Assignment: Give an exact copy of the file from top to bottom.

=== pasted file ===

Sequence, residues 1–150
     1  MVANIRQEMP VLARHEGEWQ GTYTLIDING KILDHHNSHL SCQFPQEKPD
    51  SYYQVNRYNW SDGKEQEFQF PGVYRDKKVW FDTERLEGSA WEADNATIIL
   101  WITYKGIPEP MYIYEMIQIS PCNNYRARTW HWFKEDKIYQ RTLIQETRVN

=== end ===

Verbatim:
Sequence, residues 1–150
     1  MVANIRQEMP VLARHEGEWQ GTYTLIDING KILDHHNSHL SCQFPQEKPD
    51  SYYQVNRYNW SDGKEQEFQF PGVYRDKKVW FDTERLEGSA WEADNATIIL
   101  WITYKGIPEP MYIYEMIQIS PCNNYRARTW HWFKEDKIYQ RTLIQETRVN